I fell into a habit many years ago that I think has served me especially well. Like the importance of a print-viewing area where you can comfortably display workprints to look at in a leisurely fashion, it's one of those major secrets that hides in plain sight—something many people might do as a matter of course but very few actually do.

What is it? Simply a method of paying attention to books of photographs. A quality and a level of attention similar to what you might devote to reading a printed book of text.

What problem does it solve? A big one, actually. It's called "closure." Closure is what happens when you're having a conversation with another person and you decide you understand what they're saying, so you stop listening and start thinking about what you're going to say. More generally, closure is what happens when you think you understand something well enough, and don't think you need to understand it any better—so you stop trying. You close down.

Unfortunately, photographs are among the things we reach closure on the fastest of anything. We primates are visually-dominant in terms of the sense we favor, and these days we're utterly bombarded with images—on some television commercials (adverts, for your Brits), the bombardment can come at the rate of five per second. Advertising photographs, which are often designed to be slick but simplistic—the better to be immediately appealing—are designed to be "gotten" quickly and easily. And of course many images don't deserve extended attention. All of this conspires to encourage our habits of early, often instant, closure. Like it or not, we can hardly help approaching pictures that way: scanning, appraising, closing down, moving on. We spend all day dismissing things.

Here's how I reverse that. When you get a monograph (a book primarily of plates—i.e., of pictures) that you want to "read"—that you really want to digest—first, page through it as you normally might. On that run-through, note where the bits to read are located. Then read whatever those things are—the essay, a preface, an afterward, whatever.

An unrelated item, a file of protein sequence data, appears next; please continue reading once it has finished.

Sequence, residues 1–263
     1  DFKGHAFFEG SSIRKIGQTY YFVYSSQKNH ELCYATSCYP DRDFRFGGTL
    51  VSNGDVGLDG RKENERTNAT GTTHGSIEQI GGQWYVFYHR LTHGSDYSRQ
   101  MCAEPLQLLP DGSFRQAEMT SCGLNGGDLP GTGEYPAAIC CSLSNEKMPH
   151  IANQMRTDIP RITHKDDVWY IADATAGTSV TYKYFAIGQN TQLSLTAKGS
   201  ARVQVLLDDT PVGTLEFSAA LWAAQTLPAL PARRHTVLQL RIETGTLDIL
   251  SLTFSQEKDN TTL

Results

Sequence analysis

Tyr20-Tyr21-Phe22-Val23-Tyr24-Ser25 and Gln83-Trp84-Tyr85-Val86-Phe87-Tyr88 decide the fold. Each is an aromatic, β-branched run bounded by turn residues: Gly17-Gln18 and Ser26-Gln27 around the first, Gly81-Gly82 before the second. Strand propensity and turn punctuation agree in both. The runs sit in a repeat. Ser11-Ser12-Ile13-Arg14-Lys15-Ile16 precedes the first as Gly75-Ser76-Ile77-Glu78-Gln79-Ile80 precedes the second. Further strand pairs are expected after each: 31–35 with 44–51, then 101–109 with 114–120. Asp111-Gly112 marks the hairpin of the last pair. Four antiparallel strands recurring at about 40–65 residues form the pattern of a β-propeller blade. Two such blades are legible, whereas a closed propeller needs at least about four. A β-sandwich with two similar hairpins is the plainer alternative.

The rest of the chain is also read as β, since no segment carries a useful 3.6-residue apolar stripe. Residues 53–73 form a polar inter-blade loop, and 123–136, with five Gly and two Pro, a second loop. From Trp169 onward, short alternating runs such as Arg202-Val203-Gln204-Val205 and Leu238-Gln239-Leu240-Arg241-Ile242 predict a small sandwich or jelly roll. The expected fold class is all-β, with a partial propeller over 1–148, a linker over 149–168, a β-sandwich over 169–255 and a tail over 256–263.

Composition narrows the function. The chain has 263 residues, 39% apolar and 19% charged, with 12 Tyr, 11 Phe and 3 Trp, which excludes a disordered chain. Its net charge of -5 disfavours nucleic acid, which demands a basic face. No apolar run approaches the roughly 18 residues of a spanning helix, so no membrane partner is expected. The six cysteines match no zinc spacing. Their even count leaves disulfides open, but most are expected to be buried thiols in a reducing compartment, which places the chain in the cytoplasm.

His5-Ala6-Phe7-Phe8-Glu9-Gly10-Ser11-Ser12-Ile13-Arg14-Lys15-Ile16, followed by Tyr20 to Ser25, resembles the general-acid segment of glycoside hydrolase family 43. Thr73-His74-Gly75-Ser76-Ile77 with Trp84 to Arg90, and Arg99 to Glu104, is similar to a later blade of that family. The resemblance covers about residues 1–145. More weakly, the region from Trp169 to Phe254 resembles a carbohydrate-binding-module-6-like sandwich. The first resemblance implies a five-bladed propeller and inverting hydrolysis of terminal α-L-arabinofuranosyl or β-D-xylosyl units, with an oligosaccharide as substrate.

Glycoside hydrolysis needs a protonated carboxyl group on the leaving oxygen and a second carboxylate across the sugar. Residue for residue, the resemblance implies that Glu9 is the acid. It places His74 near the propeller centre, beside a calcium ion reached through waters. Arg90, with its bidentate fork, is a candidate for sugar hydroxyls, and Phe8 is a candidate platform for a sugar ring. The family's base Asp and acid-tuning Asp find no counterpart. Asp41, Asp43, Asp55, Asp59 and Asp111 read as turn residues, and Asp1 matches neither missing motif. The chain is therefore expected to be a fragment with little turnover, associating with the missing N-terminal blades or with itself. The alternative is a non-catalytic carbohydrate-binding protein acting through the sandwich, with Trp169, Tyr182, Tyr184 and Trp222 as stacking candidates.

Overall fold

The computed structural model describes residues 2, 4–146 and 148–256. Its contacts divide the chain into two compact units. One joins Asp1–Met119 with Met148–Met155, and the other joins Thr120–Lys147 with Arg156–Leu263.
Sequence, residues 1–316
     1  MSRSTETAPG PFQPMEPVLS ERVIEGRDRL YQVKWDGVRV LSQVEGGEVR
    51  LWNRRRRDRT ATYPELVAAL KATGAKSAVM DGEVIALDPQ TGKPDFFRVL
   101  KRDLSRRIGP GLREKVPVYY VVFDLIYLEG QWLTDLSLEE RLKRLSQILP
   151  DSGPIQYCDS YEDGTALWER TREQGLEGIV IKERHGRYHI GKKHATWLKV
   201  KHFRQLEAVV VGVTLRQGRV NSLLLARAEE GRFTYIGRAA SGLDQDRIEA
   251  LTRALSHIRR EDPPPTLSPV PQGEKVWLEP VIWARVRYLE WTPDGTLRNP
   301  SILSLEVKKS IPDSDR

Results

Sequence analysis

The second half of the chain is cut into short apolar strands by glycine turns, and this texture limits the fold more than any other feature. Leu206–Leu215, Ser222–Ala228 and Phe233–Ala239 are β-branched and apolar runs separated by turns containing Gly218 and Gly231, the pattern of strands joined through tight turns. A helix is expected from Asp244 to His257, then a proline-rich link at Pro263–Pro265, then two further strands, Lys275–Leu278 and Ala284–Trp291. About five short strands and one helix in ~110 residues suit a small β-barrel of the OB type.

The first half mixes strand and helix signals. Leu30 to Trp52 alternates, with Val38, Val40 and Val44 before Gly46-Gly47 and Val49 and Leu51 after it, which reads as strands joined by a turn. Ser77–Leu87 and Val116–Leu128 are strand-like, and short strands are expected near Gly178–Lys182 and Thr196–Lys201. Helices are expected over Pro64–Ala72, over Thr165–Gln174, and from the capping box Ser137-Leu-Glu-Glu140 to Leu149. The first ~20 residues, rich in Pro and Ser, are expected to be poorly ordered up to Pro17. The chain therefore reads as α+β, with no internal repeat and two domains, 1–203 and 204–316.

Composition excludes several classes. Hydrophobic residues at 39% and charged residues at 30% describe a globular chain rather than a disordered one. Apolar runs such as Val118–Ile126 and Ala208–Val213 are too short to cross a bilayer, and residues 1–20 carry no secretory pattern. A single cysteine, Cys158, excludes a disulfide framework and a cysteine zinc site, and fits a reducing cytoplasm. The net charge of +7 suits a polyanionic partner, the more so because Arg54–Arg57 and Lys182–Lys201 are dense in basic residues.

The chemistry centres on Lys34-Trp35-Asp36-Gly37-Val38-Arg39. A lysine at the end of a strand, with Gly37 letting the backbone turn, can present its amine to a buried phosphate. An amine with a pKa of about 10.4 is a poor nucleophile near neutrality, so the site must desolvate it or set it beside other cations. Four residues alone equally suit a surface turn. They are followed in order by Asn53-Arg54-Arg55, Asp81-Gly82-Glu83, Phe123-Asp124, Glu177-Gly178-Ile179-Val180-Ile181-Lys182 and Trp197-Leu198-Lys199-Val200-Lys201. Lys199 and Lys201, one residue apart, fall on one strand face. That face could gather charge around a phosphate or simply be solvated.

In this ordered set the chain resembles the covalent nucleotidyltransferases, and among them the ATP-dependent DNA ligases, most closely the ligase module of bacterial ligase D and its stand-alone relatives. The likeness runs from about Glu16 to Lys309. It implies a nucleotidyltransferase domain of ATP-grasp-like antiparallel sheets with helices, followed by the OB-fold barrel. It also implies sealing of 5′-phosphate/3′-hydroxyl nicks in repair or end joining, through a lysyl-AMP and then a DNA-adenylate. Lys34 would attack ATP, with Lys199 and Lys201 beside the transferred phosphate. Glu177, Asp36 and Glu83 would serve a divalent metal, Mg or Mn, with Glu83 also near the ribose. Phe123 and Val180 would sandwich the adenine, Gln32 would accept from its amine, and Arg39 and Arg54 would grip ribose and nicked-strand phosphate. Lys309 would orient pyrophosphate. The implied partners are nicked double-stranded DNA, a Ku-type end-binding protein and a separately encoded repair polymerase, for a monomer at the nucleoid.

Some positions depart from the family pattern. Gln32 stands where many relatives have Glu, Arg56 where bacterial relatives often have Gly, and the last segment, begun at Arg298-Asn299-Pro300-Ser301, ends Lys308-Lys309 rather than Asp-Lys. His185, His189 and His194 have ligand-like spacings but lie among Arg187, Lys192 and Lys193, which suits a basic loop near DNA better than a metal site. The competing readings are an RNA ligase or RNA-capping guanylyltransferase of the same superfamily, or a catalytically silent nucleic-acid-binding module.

Then wait.

Wait a few hours until that evening, or wait a day or two. Set aside some time. Make sure you're feeling relaxed, rested, and that you're in a comfortable chair, in a place with decent lighting. Try to see that you won't be disturbed. Put music on if you want to, or not if you don't. And get an egg timer.


Right, an egg timer. Something that counts off three minutes. (Preferably one that doesn't make any distracting noise, although a low reminder at the end of the three minutes might help.) Five minutes works too. What you do is to use the egg timer to help you spend time looking at each picture (or "spread" of two pages). During that time, let your eyes stay on the picture. Your mind can wander if you want, but keep looking at the picture. After the time is up, turn the page.

Keep at this just as you'd read a novel—for as long as you want to, or until you get tired of it. If you haven't "finished" the book, mark your place and come back to it later, and resume where you left off. After you've "read" a book like this, try coming back to it later, after a few days or a week or two, and either page through it again slowly or "read" it again.

While you're "reading" the book, don't think you need to be formulating language about it, or thinking large, "front-brain" thoughts. The eye and the brain are constantly working together to dismiss images—glancing, gathering in the gist, registering the information, appraising, moving on. Just keep your eyes on the pictures. Let your mind go wherever it wants to. Looking is enough.

And look at all the pictures. Don't be judgmental. Part of what the exercise does is to relieve you of your appraising, judgmental mode of approach—gets you over the idea of "I like this one, I'll linger here—nope, don't care for this, move on, move on!" If the photographer liked the picture well enough to put it in her book, maybe you should just take it in like all the rest of them.

If you'll just try this with one or two books, I think you'll be surprised how well it works. All it does it to enforce a different "pace" with images than the one you're used to all day every day. It just slows you down and lets you notice more. I find it helps me to "get" what photographers are up to in their work.

I'll bet it can open your eyes, too.



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